U.S. federal regulators have approved the sale of short-line railroader Genesee & Wyoming to Brookfield Infrastructure Partners.
The Connecticut-based carrier is the parent company of Genesee & Wyoming Canada (G & WC), operators of the Huron Central Railway, which runs between Sault Ste. Marie and Sudbury.
The approval may finally loosen the purse strings on a government subsidy to keep rail freight moving in northeastern Ontario, at least for another five years.
Earlier this fall, G & WC vowed to drop service in early 2020 if Ottawa and Queen’s Park didn’t come through with a $40-million aid package for track maintenance and federally-mandated safety upgrades.
It’s the third time in a decade the Montreal-based rail carrier has threatened to discontinue service.
G & WC claims there’s not enough revenue generated from traffic on the 278-kilometre line to cover those infrastructure costs, and they can’t do it alone.
What was complicating matters in flowing funds to the railway was the timing of the federal election last October, as well as the status of Genesee & Wyoming’s ownership situation.
Last July, Brookfield and GIC, a Singapore investment firm, announced it was acquiring Genesee & Wyoming in a US$8.4-billion deal.
But the U.S. Surface Transportation Board (STB) had indefinitely held up the deal for review, until just recently.
The regulatory hurdle now appears to be cleared with Brookfield stating in its recent third-quarter report that the STB approved the transaction in October. The acquisition of Genesee & Wyoming is expected to close by year’s end.
With the Trudeau government re-elected and federal Transport Minister Marc Garneau remaining at the helm, former Sault Ste. Marie Mayor and retired CAO Joe Fratesi, leader of a railway stakeholders’ task force, called the STB approval “absolutely positive news.”
“Our stakeholder task force has requested a meeting with both Garneau and the provincial minister’s office (Caroline Mulroney) by the end of the year. Hopefully we see signs that positive news will be made.”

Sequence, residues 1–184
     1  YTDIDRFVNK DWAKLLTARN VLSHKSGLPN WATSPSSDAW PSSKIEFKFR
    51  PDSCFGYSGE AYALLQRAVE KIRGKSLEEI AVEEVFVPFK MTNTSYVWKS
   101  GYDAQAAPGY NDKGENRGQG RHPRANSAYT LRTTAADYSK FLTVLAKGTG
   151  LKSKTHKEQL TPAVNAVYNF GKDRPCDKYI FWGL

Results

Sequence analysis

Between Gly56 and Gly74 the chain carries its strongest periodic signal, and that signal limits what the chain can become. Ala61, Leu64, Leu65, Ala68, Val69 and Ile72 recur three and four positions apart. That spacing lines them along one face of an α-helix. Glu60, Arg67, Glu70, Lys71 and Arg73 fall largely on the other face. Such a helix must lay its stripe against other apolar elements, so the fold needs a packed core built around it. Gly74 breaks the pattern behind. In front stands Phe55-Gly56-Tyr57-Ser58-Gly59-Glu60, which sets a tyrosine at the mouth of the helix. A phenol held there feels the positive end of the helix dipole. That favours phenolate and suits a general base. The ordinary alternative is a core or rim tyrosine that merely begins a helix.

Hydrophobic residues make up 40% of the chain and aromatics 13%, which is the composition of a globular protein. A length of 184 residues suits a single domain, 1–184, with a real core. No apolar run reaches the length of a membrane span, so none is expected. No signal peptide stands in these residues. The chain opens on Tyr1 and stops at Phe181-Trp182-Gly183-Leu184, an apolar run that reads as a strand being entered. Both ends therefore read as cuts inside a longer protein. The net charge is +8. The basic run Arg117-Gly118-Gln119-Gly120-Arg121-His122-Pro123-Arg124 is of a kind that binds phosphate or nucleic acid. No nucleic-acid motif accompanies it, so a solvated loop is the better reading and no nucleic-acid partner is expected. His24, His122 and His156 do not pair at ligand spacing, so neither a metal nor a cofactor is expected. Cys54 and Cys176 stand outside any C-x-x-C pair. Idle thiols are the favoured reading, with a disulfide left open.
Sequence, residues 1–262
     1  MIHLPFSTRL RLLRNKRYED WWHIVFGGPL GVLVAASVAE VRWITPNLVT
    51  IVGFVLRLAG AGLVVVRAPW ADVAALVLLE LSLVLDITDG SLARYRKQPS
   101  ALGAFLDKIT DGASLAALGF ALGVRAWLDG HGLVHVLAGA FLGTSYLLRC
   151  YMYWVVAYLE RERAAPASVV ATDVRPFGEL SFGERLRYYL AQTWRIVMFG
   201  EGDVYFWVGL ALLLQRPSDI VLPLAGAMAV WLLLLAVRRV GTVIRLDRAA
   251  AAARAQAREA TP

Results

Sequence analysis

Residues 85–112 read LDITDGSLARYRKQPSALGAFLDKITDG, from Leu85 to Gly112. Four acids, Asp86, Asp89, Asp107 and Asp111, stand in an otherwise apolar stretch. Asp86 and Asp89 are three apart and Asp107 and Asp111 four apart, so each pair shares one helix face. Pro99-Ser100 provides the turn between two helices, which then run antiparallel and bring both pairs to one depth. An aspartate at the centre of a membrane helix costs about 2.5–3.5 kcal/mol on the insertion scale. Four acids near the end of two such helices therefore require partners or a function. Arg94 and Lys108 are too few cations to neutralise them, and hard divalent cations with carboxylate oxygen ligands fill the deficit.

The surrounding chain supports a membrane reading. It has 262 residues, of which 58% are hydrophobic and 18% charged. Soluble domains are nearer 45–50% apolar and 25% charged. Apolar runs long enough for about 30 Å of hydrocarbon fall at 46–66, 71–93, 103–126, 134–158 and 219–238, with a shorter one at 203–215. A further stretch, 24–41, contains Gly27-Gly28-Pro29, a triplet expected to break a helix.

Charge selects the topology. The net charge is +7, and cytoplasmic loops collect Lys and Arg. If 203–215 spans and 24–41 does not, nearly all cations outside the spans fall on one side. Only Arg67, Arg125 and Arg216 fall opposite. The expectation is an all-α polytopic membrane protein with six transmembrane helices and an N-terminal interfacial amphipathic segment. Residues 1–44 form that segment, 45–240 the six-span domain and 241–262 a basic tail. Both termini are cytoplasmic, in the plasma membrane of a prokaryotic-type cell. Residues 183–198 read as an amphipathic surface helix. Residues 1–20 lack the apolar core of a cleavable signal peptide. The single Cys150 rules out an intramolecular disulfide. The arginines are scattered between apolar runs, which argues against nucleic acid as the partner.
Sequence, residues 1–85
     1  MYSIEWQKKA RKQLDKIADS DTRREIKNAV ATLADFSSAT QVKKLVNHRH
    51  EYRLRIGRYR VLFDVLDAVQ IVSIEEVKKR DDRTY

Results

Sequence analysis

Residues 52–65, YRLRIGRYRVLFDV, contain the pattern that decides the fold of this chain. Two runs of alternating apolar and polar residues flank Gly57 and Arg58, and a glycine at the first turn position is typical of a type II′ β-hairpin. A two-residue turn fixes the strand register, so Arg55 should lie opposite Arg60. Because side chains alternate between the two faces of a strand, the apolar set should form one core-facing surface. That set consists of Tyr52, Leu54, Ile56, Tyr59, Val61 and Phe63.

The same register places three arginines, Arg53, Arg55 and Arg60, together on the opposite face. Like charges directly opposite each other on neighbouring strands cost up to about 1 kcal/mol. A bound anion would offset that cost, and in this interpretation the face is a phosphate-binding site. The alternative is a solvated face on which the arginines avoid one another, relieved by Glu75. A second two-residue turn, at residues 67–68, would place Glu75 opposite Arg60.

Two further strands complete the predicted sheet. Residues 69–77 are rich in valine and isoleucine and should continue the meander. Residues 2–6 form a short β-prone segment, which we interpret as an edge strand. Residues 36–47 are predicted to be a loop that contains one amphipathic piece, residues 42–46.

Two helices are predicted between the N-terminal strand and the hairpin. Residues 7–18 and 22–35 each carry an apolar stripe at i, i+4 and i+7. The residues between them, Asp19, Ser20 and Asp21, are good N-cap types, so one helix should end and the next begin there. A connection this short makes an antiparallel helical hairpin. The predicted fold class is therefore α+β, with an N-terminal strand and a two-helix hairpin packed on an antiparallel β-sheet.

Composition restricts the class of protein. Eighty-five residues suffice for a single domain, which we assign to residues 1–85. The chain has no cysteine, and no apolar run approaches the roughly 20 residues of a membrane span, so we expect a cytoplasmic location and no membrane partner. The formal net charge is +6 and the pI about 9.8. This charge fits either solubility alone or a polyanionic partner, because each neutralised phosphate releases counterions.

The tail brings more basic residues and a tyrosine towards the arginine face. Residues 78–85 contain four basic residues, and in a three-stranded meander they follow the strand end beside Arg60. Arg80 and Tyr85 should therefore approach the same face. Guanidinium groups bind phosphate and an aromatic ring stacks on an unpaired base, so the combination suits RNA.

Fratesi remains “cautiously optimistic” that both levels of government will come through with support for the crucial regional transportation link.
The Huron Central employs about 40 employees but thousands of jobs in companies in the northeast rely on the service. The railway hauls steel, forest products and chemicals for industries such as Algoma Steel in Sault Ste. Marie, the Domtar paper plant in Espanola, and the EACOM sawmill in Nairn Centre.
If the railway was to pull the plug, shippers would have to resort to placing freight on tens of thousands of carbon-emitting heavy trucks every year, if they could find them.
In the long run, Fratesi is hopeful government will eventually set aside dedicated funds to assist short-line railroads with infrastructure costs.
“I think people see this as more than just a transportation issue, it’s a regional economic development issue.”
G & WC hasn’t issued a definite drop-dead date on withdrawing service, but a Domtar spokesperson said previously they were advised the railway is looking at March 2020.
Genesee and Wyoming owns 120 short lines in North America, including the Huron Central and the Ottawa Valley Railway, the latter runs between Sudbury and Temiscaming, Que, via North Bay.
Canadian Pacific Railway (CP) owns the tracks between the Sault and Sudbury, contracting G & WC to be the line’s operators. But CP does not contribute any funds toward track maintenance.
G & WC said previously that if their five-year forecast holds true, the freight revenues generated would put them in a cash positive position to reinvest back into the line.